English may be the language of Shakespeare, but he is not responsible for its unbearable inconsistencies. As I was preparing my post on "Buried Treasures" I typed the word "berry" instead of "bury." As a wildlife photographer I like to photograph "bares", oops, I mean "bears". Somewhere I have a photo of a bear eating berries, but I think the photo is buried among thousands of photos so I can't bare the thought of looking for it, which is unbearable.
My apologies for the tangent!
Back to Wells Gray. Winters in Wells Gray are almost unbearable. Even bears can't bare it so they hibernate. Okay, Den, stop it.
I remember one winter it was minus eleven degrees Fahrenheit. Being in the middle of nowhere I slept in the back of my truck (4x4 with winch). When I woke up I had that strange taste in my mouth so went to brush my teeth only to find that the toothpaste had frozen. In fact, everything in my truck was frozen --- EXCEPT WHAT WAS IN MY ICE CHEST. (So I kept the toothpaste in the Ice Chest from then on).
In terms of Wildlife, Wells Gray has black bears, grizzly bears, wolves, mountain lions, lynx, bobcats, wolverines, moose, deer, mountain goats, caribou, fishers, martens, minks, weasels, etc. So it has provided me with wonderful wildlife photos over the years.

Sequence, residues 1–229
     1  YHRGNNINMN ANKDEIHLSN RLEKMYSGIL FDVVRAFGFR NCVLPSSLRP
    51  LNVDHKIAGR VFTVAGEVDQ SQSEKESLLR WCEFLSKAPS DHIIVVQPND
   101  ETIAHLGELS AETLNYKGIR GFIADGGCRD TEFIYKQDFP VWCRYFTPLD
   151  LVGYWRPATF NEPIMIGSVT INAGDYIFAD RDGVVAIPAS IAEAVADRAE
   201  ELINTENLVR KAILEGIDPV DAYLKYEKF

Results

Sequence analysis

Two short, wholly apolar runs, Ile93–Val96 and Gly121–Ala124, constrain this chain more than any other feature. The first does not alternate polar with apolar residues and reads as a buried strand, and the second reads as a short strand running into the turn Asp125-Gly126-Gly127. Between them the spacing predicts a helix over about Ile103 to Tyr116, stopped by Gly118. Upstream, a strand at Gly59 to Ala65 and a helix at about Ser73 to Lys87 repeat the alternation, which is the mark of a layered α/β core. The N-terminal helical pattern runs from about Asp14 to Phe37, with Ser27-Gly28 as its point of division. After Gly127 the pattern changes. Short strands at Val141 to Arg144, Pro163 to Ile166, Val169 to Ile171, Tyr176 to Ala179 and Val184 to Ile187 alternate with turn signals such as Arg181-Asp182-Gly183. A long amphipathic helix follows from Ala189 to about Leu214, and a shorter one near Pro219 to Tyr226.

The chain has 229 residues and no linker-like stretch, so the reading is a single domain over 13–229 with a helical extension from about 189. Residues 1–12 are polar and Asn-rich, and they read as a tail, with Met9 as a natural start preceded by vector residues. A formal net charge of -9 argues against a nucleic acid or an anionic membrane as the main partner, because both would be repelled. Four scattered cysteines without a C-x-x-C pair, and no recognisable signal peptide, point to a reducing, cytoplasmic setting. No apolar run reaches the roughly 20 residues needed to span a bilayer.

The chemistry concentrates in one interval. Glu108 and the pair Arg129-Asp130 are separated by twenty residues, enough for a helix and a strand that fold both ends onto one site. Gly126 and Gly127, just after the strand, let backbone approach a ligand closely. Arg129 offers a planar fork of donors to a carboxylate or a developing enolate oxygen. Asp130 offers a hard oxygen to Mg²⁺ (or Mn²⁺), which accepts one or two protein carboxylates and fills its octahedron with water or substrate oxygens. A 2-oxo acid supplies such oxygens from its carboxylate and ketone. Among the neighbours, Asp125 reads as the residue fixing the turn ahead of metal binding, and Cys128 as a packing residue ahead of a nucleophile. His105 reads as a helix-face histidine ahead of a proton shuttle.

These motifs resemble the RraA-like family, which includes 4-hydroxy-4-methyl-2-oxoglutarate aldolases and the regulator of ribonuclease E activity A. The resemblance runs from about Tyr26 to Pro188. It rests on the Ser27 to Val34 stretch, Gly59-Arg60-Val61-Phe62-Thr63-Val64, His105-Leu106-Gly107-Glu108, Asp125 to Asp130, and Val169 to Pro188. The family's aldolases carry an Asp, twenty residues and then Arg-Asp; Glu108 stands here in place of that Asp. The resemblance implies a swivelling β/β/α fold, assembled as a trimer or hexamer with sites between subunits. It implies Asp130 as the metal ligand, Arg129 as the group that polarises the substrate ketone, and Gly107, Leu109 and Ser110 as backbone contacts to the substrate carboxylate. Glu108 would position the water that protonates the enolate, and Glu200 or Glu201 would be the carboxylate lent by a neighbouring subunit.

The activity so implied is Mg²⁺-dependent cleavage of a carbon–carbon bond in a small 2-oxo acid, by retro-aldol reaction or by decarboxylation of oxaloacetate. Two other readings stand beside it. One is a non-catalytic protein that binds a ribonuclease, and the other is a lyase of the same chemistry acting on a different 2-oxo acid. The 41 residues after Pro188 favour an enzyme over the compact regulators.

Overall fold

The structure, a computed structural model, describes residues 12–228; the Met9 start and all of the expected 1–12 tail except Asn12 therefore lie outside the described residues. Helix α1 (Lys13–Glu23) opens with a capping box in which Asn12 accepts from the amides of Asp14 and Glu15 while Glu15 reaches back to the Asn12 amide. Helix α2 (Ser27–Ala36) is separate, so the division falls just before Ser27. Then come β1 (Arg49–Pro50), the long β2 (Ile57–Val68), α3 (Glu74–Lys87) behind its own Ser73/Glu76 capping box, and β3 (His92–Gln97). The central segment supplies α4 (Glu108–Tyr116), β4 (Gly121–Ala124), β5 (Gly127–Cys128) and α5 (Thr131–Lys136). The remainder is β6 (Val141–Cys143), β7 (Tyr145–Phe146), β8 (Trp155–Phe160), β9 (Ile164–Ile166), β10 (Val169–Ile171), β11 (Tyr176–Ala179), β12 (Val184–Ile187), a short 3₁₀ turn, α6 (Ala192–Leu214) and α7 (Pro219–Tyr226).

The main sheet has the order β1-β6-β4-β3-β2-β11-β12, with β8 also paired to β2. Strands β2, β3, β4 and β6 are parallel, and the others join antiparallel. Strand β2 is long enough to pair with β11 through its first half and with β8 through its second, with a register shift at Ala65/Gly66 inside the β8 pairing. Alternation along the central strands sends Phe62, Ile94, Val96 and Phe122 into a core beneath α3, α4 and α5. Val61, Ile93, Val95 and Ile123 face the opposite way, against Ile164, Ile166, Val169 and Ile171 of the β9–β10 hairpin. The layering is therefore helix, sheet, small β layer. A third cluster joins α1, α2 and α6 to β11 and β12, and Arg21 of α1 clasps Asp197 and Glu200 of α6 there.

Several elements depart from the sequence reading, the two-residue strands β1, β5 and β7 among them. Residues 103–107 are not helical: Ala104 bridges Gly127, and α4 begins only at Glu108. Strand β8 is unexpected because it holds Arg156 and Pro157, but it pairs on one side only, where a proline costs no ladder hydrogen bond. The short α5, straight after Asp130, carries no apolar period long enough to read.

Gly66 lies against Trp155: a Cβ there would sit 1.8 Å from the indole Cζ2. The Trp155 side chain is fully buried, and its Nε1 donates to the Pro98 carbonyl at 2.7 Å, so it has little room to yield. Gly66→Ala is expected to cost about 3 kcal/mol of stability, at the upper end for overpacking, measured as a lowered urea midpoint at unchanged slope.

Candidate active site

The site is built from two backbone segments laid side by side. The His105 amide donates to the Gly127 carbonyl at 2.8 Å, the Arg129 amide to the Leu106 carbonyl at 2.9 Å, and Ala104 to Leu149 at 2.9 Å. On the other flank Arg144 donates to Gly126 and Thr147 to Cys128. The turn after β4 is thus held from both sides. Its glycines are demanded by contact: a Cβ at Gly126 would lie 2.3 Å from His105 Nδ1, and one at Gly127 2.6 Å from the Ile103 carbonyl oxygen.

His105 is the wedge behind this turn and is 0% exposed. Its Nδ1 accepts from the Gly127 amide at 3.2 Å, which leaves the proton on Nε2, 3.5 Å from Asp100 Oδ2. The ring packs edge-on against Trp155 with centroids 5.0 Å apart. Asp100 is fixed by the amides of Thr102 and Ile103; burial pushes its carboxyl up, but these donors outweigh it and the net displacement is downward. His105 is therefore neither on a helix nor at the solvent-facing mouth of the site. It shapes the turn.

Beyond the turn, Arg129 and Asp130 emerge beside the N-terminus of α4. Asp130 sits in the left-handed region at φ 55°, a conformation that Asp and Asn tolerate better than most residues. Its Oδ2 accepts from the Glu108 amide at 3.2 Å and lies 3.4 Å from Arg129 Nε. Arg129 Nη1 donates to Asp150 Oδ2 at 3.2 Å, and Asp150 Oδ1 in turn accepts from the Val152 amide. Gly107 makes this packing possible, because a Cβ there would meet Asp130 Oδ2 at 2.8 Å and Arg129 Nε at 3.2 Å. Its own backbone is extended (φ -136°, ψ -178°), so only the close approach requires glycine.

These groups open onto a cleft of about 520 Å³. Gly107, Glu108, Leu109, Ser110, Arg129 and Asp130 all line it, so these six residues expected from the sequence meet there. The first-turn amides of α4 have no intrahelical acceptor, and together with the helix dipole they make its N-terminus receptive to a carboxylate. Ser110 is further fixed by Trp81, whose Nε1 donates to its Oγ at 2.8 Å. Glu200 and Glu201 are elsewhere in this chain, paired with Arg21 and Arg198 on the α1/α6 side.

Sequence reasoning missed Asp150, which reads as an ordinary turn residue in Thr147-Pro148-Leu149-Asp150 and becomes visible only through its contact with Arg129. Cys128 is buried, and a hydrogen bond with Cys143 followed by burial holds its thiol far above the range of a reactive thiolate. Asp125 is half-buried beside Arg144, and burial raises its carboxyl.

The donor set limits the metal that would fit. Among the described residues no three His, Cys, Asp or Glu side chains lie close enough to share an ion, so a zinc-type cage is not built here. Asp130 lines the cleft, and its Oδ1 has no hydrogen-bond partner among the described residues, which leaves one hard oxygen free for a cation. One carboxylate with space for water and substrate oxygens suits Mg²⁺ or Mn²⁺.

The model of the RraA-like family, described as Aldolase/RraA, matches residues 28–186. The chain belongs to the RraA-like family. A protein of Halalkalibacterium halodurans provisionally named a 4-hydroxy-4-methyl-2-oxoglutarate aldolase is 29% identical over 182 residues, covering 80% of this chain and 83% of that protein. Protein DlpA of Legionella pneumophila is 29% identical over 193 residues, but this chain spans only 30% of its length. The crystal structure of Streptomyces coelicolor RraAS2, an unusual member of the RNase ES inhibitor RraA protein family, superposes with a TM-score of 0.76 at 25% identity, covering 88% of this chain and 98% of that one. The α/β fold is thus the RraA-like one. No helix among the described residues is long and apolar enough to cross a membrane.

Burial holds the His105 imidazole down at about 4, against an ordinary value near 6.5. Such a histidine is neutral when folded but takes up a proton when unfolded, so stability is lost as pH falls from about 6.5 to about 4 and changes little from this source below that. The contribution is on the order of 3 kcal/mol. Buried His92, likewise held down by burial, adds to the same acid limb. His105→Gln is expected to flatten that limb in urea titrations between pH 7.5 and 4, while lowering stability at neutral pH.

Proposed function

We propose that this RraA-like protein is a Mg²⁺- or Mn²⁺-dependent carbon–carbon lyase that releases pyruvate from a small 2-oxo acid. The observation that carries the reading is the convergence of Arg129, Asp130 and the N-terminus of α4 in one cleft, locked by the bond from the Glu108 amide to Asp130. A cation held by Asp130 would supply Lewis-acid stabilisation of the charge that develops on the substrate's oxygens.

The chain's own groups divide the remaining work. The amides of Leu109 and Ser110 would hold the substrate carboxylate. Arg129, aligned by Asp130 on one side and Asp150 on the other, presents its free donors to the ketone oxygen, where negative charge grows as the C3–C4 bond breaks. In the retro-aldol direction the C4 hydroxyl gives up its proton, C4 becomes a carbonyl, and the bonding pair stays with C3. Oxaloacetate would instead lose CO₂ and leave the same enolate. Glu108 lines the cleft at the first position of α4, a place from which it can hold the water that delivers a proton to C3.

But another amazing aspect of its nature are the lakes, rivers, and waterfalls.
Baileys Chute is relatively small waterfall on the Clearwater River that cascades a modest 30 feet. Yet, the Clearwater River's volume is so significant it creates quite a spectacle. In the fall, during the salmon run, the cascading nature of the falls and bedrock make it impossible for the salmon to move any further upstream. The salmon can be easily seen (and photographed) trying in vain to jump the chute. In the spring and early summer, the volume of the Clearwater River will often reach and exceed 35,000 cubic feet per second.
In 1998, Christine and I took our son Matt and his new bride Rung for a week in British Columbia and Alberta. I took them on my usual wildlife photo route. Our first stop was Wells Gray. Here then, photos of Bailey's Chute:
|Here from a distance as we first arrive at Bailey's Chute (note the 20 - 25 pound Salmon trying to get up the Chute).|
|I climb down to get a better photo (Christine's photo)|
|The better photo|